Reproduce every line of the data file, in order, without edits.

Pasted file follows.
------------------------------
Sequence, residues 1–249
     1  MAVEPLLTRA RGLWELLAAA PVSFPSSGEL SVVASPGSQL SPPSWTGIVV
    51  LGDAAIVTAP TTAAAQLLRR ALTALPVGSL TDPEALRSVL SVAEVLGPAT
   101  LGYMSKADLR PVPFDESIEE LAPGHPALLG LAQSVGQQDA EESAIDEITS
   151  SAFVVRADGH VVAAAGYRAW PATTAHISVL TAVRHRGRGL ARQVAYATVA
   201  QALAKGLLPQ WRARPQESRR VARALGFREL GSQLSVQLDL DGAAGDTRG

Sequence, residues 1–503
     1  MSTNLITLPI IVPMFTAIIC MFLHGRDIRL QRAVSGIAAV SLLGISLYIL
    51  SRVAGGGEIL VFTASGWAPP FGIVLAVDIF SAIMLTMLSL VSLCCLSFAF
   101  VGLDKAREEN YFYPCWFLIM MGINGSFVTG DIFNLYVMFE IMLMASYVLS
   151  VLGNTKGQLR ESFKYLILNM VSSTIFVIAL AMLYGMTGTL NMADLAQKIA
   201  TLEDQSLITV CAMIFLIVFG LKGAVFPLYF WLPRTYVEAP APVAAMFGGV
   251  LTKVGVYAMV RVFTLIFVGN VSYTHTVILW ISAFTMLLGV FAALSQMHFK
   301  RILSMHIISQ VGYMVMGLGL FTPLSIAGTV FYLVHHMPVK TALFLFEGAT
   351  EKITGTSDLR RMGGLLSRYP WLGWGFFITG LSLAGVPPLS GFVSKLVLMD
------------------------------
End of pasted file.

Sequence, residues 1–249
     1  MAVEPLLTRA RGLWELLAAA PVSFPSSGEL SVVASPGSQL SPPSWTGIVV
    51  LGDAAIVTAP TTAAAQLLRR ALTALPVGSL TDPEALRSVL SVAEVLGPAT
   101  LGYMSKADLR PVPFDESIEE LAPGHPALLG LAQSVGQQDA EESAIDEITS
   151  SAFVVRADGH VVAAAGYRAW PATTAHISVL TAVRHRGRGL ARQVAYATVA
   201  QALAKGLLPQ WRARPQESRR VARALGFREL GSQLSVQLDL DGAAGDTRG

Sequence, residues 1–503
     1  MSTNLITLPI IVPMFTAIIC MFLHGRDIRL QRAVSGIAAV SLLGISLYIL
    51  SRVAGGGEIL VFTASGWAPP FGIVLAVDIF SAIMLTMLSL VSLCCLSFAF
   101  VGLDKAREEN YFYPCWFLIM MGINGSFVTG DIFNLYVMFE IMLMASYVLS
   151  VLGNTKGQLR ESFKYLILNM VSSTIFVIAL AMLYGMTGTL NMADLAQKIA
   201  TLEDQSLITV CAMIFLIVFG LKGAVFPLYF WLPRTYVEAP APVAAMFGGV
   251  LTKVGVYAMV RVFTLIFVGN VSYTHTVILW ISAFTMLLGV FAALSQMHFK
   301  RILSMHIISQ VGYMVMGLGL FTPLSIAGTV FYLVHHMPVK TALFLFEGAT
   351  EKITGTSDLR RMGGLLSRYP WLGWGFFITG LSLAGVPPLS GFVSKLVLMD